Ann Arbor, MI (5/14/98)- A successful genetic repair
job that restored hearing to the offspring of congenitally deaf mice could
offer a new gene-therapy strategy for preventing deafness in humans.
Researchers at the University of Michigan first used transgenic technology
to find the recessive mutated gene responsible for deafness in shaker-2
mice. This strain of mouse carries an X-ray induced mutation that causes
deafness. The investigators then injected short sections of normal cloned
DNA into fertilized mouse eggs to see which DNA clone would produce a hearing
mouse. This enabled them to narrow their search for the mutant gene to
a smaller area. Ultimately, they identified the single-point mutation on
mouse chromosome 11. The normal gene and the shaker-2 gene were nearly
identical except for one DNA base-pair out of more than 30,000 base-pairs
in the gene.
is the first permanent correction of a deafness-related genetic mutation
and the fifth time that identification of a deafness gene in mice helped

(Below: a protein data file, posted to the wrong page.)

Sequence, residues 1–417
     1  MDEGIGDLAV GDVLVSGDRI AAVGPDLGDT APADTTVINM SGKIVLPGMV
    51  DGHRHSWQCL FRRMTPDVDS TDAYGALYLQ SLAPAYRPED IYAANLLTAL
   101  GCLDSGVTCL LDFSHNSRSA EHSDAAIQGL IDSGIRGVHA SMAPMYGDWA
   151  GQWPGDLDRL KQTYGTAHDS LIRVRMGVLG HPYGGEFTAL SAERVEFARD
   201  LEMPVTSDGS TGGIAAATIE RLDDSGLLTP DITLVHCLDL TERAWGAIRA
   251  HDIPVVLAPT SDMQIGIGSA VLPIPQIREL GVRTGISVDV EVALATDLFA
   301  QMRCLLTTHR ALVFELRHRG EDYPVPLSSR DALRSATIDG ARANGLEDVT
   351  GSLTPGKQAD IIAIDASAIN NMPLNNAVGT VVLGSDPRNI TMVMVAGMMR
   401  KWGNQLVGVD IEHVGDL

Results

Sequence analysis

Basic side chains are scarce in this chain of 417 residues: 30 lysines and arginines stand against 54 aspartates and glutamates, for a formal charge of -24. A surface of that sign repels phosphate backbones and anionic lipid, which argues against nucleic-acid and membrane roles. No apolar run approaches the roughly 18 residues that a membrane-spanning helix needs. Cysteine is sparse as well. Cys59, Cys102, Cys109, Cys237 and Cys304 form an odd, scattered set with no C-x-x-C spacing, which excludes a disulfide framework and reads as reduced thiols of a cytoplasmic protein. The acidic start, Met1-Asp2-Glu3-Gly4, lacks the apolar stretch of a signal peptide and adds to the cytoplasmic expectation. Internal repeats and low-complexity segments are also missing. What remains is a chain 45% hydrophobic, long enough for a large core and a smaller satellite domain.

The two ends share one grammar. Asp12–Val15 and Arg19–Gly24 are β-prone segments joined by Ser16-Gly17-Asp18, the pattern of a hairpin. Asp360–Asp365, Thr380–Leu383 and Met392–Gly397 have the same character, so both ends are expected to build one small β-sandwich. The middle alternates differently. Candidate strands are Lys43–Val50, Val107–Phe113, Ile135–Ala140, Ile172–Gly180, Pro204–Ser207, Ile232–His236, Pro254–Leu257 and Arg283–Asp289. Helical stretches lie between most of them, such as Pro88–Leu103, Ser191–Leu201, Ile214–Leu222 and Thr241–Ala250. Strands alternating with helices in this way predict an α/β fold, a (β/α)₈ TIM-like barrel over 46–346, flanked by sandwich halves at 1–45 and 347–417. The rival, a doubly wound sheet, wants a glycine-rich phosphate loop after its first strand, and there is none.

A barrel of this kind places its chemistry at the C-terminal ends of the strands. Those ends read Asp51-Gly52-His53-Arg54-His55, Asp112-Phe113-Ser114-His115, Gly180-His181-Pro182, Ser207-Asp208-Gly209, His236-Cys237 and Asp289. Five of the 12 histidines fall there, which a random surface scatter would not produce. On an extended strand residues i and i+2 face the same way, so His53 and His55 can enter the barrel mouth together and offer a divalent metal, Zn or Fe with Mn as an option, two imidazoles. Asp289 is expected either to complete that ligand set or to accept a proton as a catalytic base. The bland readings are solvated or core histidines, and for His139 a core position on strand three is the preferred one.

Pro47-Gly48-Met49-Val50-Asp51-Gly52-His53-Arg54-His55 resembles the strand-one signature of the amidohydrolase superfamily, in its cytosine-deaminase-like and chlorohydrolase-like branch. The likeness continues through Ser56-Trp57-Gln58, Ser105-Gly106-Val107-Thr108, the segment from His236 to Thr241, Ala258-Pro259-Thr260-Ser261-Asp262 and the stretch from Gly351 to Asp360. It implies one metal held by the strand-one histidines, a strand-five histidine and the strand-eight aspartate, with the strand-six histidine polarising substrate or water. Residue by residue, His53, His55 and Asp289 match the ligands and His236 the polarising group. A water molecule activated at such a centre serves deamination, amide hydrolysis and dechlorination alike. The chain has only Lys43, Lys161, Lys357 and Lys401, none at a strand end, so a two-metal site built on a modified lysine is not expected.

scientists find a similar gene in humans says Sally A. Camper, associate
professor of human genetics in the University of Michigan Medical School,
who directed the research (pictured).
The single-point mutation occurs in the area coding a gene for a key
enzyme involved in inner ear development. The gene carries coding instructions
for a previously unknown myosin enzyme, now dubbed Myo15.
The researchers believe that one function of this enzyme may be to
transport a protein called actin to inner ear hair cell fibers during their
development. These fibers, or stereocilia, move in response to changes
in sound frequency, sending electrical signals to auditory nerves, which
the brain translates into sound.
In related research, scientists at the National Institute on Deafness
and Other Communication Disorders, National Institutes of Health, report
finding a nearly identical gene (DFNB3) on human chromosome 17, which encodes
the same type of myosin. Mutations in DFNB3 may produce congenital deafness
in humans, just as mutations in shaker-2 do in mice.
"The next step is to develop delivery vehicles to introduce the normal
gene into inner ear cells of individuals who carry these deafness genes,"
said Yehoash Raphael, assistant professor of otolaryngology in the U-M
Medical School, who directed microscopy studies for the project. "Once
adequate vectors are available, gene therapy for genetic-based deafness
will become a reality."
Both research projects appear in the May 29, 1998 issue of Science.